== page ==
Four miles into the Red loop the trail joins a wash. Lumpy, dusty sand that sucks energy out of every step. It’s boring and, according to my teammates, lasts for another mile. I think about pausing for some water. I think about taking a break. But a new voice speaks up, “You can’t stop now.” I’ve run eight miles already tonight, as far as my longest training run, and I’m over half done with Red. I roll my ankle and slow down enough to make sure I’m fine. “You can’t stop now.” I think about all the training I had done in the Seattle rain. I think about my teammates waiting for me back at camp, excited to see what we can do together. I think about my teenage self who avoided things that were hard. “You can’t stop now.”
I finish the loop slower than I had hoped, but I don’t stop.
"I loved the all-out, side-by-side drama of the track. My heart flew every time my foot planted and launched me off the ground."
Back at camp, I take an all too short half hour nap and wake up again with chills. It isn’t a fever, but I am very calorie deficient. I simply haven’t been able to catch up from missing lunch while I was on the plane. I’m exhausted, hungry and force-feeding myself as much food as I can stomach. I’m curled over in a camp chair, huddling under sleeping bags hoping I can digest in time for my last loop. I haven’t felt this unable to function since I got food poisoning last year.
Dawn arrives and I’m able to distract myself from how awful I feel by cheering on my teammates and helping them prepare for their loops. Dharma returns from her final lap, Yellow, and I ask her to tell me about it since I’m running it next. Peine runs a blazing fast Red, then it’s Chloe’s Green. My teammates are cruising through their final laps, and I’m up, back at the transition tent for my final run.
Yellow may be the middle in distance and elevation, but it is the hardest yet. With endless rolling hills combined with my fatigue, this is my first run in daylight. It’s hot, my nose starts to bleed from the altitude and the snot rockets needed to clear out the dust. I trade leads back and forth with a friendly guy with an intimidating Ironman tattoo on his calf. I’m faster downhill, he’s faster going up. Three miles in, I’m no longer able to catch up to him. He extends his lead and I’m alone in the desert. I think about stopping.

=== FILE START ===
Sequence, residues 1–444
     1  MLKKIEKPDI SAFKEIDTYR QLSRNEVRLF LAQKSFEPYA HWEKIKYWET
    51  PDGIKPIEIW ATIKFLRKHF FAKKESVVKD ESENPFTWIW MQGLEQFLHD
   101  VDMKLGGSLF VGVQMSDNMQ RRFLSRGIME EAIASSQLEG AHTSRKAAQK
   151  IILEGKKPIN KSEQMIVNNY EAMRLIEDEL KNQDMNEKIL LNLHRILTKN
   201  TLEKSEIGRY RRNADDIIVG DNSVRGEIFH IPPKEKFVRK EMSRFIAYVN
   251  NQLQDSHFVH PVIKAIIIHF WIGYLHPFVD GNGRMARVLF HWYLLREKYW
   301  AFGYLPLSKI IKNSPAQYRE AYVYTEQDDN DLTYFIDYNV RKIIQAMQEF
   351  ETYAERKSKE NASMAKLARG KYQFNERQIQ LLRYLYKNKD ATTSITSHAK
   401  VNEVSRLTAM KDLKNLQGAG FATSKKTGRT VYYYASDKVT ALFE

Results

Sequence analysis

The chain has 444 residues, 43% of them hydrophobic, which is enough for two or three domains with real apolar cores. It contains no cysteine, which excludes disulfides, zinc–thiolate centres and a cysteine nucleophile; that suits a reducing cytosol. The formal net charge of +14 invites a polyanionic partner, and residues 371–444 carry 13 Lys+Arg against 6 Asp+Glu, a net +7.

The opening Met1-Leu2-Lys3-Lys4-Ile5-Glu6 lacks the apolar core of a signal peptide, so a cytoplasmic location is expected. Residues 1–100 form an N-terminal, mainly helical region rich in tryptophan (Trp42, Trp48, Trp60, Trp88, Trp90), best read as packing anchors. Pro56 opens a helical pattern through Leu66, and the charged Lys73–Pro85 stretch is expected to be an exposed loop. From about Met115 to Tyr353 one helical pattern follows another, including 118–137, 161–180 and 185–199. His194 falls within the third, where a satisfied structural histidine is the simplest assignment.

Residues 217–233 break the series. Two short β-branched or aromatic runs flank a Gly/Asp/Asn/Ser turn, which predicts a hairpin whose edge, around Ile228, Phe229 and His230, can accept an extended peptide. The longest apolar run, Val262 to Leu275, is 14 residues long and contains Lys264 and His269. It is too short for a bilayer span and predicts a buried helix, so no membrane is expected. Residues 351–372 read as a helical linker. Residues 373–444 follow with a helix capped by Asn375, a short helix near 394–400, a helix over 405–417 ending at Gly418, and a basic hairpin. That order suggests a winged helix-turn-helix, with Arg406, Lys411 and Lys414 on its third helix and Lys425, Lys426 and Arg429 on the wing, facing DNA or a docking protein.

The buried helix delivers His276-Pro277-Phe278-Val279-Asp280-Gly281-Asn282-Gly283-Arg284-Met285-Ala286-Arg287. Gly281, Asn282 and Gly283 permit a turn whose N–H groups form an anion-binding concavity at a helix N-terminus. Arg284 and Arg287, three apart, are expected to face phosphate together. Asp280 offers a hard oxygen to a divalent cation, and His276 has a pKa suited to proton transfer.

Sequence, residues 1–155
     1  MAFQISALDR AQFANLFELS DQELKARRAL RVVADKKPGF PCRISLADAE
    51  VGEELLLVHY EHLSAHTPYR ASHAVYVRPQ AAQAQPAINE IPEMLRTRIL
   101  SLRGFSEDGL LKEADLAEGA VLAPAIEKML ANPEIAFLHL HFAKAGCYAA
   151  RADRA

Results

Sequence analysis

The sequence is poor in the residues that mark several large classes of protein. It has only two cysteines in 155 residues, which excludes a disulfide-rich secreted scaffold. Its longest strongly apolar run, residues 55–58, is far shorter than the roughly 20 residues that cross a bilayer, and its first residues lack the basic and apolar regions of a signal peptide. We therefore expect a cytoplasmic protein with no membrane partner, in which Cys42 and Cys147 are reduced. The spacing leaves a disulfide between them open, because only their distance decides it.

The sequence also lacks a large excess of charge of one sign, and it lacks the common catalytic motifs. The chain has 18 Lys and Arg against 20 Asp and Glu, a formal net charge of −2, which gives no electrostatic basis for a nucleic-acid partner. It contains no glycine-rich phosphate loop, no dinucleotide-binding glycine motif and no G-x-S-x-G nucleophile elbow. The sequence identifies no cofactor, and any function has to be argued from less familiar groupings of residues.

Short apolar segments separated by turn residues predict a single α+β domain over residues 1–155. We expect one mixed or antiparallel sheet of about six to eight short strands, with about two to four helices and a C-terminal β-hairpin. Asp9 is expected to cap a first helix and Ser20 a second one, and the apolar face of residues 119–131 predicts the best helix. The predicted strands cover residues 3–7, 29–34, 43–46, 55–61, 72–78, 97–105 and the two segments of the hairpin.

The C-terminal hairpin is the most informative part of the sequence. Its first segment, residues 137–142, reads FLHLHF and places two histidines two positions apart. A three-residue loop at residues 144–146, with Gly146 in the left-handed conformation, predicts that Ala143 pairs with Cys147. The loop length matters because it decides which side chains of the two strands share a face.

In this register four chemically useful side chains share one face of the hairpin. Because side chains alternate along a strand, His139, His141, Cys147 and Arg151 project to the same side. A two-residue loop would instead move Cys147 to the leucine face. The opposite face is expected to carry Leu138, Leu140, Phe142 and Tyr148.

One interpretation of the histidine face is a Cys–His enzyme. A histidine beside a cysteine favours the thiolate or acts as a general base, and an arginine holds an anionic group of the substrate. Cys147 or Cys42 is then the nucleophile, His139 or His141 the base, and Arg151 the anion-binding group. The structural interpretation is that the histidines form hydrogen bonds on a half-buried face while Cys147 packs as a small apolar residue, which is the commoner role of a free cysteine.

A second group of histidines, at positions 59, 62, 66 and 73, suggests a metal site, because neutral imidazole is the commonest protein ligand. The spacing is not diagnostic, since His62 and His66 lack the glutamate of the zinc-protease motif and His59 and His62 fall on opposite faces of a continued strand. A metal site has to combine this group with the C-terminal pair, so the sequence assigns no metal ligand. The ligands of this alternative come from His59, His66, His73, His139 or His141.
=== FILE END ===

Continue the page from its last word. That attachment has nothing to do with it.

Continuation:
But I had already proven to myself during the Red loop that I could do this. I had already run more than I ever had. I focus on just one more hill, then the next as I make my way through my final loop. I reach the last mile and it’s time to kick. I start to fly. I sprint to the finish line breathing harder than I ever have from ultimate or track and field.
We stay at the finish line cheering on runners from other teams, as our final teammate takes off. I choke up for almost every runner I cheer. I see on their faces how much pain they are in. I had just been there. And they fought their own demons on the trail, just as I had. As much as this race was about running 16 miles in the desert, it was also about facing my own self doubts and fears, “this is too hard,” “I’m not good enough,” “I can’t do this”.
My team learned later that we had won the women’s division. But the reason I fought back tears was that I had become a distance runner. I have a new story to tell myself.
The Awesome Sports Project is an online journal committed to inspiring girls’ and women’s voices in sports. We publish every Tuesday between November and June. Submit your own story or enter our Awesome Sports Writing Contest.